Evangelical scholars, denominational leaders, and pastors study, preach, and teach the Hebrew Testament account of how Queen Jezebel of Samaria orchestrated a state-sponsored land grab of the vineyard of Naboth, the Jezreelite.[51]  Somehow, that scholarship, preaching, and teaching fails to illuminate and affirm the theological, moral, and ethical relevance of this Biblical passage to Israeli-government displacement of Palestinians from their homes, and destruction of Palestinian crops and farm land, to permit construction of illegal Jewish settlements.[52]  

These and numerous other examples are why people struggling against oppressive power view claims of evangelicals about religious liberty with disappointment, mounting distrust, and disgust.  People struggling against oppression have good reason for that disappointment, distrust, and disgust.  They understand that their struggle for liberation from oppression is grounded in belief that God is, to use the words of Theodore Walker, Jr., “that utterly unsurpassable Friend whose love is perfect and all-inclusive.”   

Although evangelicals are viewed as the dominant sect among followers of Jesus, evangelicals not only appear intolerant toward other religions; evangelicals appear insensitive, if not unsympathetic and disdainful, about oppression faced by others.  There is scant evidence from the course offerings I read on the websites of evangelical seminaries that many of the evangelical scholars who teach and write about religious liberty care about people suffering from mass incarceration, terrorism due to racial profiling, race-based abusive and homicidal police conduct, xenophobia, homophobia, economic oppression caused by classism and capitalism, and other kinds of oppression.  Instead, it seems that evangelical scholars, pastors, and other leaders care about religious liberty because they want to be free to proselytize their version of the religion of Jesus, not because they believe God cares about liberating all people who suffer from any oppression.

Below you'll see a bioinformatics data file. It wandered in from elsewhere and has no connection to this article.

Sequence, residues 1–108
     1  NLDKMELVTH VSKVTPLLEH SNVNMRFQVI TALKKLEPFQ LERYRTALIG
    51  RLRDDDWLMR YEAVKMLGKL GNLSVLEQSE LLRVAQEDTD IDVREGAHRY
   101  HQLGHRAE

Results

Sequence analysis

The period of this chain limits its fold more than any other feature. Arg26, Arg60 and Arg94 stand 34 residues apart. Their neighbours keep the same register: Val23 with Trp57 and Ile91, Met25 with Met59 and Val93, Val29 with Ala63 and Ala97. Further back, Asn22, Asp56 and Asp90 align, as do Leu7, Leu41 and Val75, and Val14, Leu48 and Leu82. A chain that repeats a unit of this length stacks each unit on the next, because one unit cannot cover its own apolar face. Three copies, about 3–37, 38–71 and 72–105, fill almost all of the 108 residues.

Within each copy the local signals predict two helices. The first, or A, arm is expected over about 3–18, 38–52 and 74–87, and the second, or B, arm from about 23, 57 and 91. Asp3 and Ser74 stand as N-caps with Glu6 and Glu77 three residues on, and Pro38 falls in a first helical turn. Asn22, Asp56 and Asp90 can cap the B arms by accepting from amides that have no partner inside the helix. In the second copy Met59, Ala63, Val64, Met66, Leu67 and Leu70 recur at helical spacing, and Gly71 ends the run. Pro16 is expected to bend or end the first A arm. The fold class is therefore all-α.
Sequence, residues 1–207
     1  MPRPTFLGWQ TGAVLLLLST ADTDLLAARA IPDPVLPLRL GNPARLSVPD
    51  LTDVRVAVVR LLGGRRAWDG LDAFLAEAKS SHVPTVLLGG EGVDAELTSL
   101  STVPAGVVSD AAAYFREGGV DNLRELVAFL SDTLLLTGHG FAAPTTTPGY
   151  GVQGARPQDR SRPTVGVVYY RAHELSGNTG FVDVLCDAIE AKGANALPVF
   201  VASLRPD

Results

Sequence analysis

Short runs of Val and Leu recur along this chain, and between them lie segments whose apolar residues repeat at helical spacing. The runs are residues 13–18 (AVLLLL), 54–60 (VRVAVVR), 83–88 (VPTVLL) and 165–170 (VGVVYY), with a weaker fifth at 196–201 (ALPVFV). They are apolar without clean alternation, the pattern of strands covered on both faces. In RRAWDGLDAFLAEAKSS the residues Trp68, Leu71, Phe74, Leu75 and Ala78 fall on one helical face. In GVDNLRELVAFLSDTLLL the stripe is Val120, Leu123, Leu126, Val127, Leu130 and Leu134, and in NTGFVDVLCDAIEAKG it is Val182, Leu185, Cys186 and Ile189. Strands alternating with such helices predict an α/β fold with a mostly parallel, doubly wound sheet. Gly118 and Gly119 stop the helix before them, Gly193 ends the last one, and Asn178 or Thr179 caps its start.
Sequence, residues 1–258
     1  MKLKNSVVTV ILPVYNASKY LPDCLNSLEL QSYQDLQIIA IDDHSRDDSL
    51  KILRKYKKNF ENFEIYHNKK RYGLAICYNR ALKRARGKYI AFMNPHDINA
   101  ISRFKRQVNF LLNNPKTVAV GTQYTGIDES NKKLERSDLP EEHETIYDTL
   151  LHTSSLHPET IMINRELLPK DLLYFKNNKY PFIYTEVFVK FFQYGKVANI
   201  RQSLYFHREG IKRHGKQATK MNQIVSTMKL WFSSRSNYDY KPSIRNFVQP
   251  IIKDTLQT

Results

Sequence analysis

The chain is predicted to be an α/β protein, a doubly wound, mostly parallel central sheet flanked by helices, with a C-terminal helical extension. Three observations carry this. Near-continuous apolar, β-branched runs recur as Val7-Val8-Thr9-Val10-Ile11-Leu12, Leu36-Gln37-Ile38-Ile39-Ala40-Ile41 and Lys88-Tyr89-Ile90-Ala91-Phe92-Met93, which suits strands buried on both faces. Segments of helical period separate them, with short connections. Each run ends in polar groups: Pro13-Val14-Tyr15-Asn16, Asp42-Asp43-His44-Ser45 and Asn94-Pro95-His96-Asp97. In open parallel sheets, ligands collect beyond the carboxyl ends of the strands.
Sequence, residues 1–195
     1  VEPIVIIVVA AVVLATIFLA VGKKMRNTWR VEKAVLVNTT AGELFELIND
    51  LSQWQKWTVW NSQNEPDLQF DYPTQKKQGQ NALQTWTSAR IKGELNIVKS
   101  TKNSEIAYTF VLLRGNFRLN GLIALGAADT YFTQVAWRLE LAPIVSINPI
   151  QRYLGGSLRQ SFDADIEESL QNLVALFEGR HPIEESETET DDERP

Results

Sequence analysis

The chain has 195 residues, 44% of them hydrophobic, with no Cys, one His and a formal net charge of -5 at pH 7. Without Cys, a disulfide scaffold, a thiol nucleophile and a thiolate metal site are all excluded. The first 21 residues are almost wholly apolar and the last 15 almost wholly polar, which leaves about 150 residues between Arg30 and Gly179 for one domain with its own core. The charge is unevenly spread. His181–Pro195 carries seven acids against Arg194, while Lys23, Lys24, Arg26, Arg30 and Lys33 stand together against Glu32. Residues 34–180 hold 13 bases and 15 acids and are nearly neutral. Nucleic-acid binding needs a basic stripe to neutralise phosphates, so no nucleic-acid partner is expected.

This shortcoming matters more than one might think.  Recall that the early followers of Jesus were a minority sect. When Constantine became the first Roman emperor to claim conversion to Christianity, the religion of Jesus entered the mainstream. The Inquisition and Protestant Reformation show that followers of Jesus struggled across time to demonstrate tolerance for divergent views within our own belief system. However, the Bible shows that God is not only concerned that people are free to proselytize.  Our sacred writings illuminate God’s concern that people be free to live, work, and be accepted where they lived as persons of dignity and worth, not deviants, threats, or commodities for private and social exploitation.

Earlier this year, President Marvin McMickle of Colgate-Rochester Divinity School concluded a stirring address at the Baptist Joint Committee’s luncheon during the Cooperative Baptist Fellowship’s General Assembly with the following statement.

I believe in the First Amendment, in the separation of church and state, in religious liberty, and in the right to worship God as one chooses or not to worship God at all. However, I believe in something else just as strongly; maybe more so. I believe that American history and its economic foundation was largely written in the blood of African slaves and their descendants; a story that a great many people do not want to hear. Of course I am mindful that if time allowed we could tell a similarly chilling story about the blood and suffering of Native Americans and how the appropriation of so much of their land is the real story of how the west was won…